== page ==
Most nursery rhymes at bedtime are good choices. Why? Because nursery rhymes are all stories and stories settle children by quieting their busy brains. These are stories that are short enough for you and your child to learn to recite by heart. A nursery rhyme can be repeated exactly, endlessly, night after night for days and weeks and more. And what do children love? Repetition! ‘Do it again, say it again, sing it again’ – these are the favourite catch cries of the young.
Nursery rhymes can tell them to go to bed
It gets better. A nursery rhyme about bedtime packs a double whammy. Not only is it a short story that’s repeatable, it also tells them what to do at that all important rest time for them (and their caring adults). So to lull children into sleep or at least to get the idea working in their brain, I love these two classics – Wee Willie Winkie and The Man in the Moon Looked Out. On our store website, both of them are sung by the warm-voiced grand-father Michael Cashen and you can hear the previews if you click on the links in the bedtime lesson plan, In the Big Bed.
Wee Willie Winkie
The first one tells us about a man who runs from house to house asking the adults ‘Are all the children in their beds for now it’s eight o’clock?’ Thank goodness someone’s in charge because children will push bedtime out for as long as they can, and it’s good to have someone else to hold them responsible when you’re feeling weak. ‘But (insert child’s name here) Wee Willie Winkie says it’s eight o’clock, bedtime.’ No more needs to be said, it’s a rule bigger than both of us!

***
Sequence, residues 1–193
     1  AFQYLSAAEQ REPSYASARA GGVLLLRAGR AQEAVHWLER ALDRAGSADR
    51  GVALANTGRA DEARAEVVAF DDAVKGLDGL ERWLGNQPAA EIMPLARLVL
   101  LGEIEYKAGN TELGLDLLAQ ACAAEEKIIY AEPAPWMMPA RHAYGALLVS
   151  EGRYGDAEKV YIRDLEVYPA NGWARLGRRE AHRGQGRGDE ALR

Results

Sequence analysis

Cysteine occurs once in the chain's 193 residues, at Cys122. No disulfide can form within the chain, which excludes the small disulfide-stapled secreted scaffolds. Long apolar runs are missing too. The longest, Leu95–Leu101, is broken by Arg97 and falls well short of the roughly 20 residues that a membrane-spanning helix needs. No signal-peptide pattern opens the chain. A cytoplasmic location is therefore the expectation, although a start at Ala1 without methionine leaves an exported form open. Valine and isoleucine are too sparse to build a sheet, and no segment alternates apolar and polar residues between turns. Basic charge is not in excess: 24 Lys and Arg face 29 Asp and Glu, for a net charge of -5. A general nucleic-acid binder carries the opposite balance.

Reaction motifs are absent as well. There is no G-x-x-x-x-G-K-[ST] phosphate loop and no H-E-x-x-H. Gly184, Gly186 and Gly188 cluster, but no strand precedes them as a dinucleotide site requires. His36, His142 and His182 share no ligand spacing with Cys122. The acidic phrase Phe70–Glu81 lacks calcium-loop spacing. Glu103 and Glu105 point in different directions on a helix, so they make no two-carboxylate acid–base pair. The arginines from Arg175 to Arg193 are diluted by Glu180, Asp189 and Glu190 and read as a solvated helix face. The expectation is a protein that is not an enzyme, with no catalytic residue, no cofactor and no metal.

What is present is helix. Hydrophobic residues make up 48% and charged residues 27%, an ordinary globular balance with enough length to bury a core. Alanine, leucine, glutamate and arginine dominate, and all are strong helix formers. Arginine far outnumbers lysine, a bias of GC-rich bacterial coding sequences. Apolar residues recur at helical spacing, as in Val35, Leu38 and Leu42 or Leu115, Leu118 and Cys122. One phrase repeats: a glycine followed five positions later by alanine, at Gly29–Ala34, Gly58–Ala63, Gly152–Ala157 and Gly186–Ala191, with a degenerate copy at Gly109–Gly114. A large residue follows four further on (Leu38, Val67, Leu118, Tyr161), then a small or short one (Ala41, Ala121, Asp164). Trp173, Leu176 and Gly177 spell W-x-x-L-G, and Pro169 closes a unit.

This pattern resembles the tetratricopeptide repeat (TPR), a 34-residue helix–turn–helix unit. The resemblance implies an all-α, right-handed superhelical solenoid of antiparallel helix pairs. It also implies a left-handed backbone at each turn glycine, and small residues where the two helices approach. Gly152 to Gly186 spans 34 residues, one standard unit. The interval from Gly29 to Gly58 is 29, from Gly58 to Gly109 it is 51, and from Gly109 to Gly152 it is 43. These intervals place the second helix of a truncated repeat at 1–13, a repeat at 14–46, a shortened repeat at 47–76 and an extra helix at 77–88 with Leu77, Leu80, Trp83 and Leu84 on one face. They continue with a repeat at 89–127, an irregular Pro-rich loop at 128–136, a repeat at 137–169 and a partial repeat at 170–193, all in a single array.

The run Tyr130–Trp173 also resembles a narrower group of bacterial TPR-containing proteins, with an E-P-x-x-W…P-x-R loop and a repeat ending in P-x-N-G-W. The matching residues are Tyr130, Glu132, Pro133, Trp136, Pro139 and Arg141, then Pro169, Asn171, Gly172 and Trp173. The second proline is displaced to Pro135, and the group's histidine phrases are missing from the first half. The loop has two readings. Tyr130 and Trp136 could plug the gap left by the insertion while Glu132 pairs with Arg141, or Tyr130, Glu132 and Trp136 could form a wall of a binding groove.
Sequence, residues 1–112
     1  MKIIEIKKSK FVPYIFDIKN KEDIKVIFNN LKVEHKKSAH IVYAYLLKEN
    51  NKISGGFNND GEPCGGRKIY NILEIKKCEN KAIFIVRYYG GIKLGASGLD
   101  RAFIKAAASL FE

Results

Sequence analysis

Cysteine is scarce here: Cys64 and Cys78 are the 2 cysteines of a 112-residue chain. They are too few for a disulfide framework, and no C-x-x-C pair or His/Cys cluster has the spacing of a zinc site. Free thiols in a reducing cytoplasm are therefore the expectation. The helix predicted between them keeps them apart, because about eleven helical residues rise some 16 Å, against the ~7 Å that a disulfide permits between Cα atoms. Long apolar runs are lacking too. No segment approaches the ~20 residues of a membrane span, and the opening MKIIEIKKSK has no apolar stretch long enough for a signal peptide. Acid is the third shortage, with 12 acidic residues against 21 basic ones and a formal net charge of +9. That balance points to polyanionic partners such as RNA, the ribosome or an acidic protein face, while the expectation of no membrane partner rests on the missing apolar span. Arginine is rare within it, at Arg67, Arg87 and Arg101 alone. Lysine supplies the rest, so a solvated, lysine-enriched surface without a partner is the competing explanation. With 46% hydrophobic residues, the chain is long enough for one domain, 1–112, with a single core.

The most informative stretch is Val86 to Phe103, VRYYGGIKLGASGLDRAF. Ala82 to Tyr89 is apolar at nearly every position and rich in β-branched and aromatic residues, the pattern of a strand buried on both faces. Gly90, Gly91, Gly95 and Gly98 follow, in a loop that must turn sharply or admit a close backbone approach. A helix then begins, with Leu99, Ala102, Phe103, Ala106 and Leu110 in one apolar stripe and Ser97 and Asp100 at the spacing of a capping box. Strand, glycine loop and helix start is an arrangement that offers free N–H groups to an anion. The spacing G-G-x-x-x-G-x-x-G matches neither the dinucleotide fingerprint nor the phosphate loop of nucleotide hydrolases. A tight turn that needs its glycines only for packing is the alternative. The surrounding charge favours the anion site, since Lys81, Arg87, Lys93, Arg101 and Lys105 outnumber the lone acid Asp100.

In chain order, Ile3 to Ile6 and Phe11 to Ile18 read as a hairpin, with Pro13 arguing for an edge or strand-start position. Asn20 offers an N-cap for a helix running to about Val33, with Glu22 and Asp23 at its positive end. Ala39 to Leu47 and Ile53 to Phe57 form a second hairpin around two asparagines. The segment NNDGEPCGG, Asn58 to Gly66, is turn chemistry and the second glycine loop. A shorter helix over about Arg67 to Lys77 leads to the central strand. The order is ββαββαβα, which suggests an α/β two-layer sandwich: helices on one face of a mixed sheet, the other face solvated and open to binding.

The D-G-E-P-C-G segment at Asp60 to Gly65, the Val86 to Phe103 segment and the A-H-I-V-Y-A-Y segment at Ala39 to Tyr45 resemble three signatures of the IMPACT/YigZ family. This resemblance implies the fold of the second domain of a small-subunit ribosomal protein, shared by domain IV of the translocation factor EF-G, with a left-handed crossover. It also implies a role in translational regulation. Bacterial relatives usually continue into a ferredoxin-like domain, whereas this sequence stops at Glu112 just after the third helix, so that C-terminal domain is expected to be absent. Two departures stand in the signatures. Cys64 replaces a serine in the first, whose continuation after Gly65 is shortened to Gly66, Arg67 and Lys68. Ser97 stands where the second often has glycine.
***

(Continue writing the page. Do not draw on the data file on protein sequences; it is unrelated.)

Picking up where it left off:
The Man in the Moon Looked Out
The second nursery rhyme is about a man who lives in the moon. It’s his job to tell ‘the children on Earth to think about getting to bed’. We’ve learned from experience that you can’t just decide it’s bedtime and whisk the child into bed, you have to prepare them for this transition. So let’s get the Man in the Moon to help us think about getting to bed. Let’s get into our pyjamas, clean our teeth, say goodnight to the people and the pets, get our book, dim the light, climb into bed and have a story or two.
Nursery rhymes as part of the bedtime ritual
Small rituals get them ready for the idea of snuggling down for sleep, so why not make one or two nursery rhymes at bedtime part of your sleepy-time habits. Prepare your children for an enjoyable rest with music, story and picture book all wrapped up into one delightful cultural package. After all, it’s their birthright and it works. Then when they are nice and quiet, you can sing them a lullaby, but that’s a post for another day – or night. Nighty-night.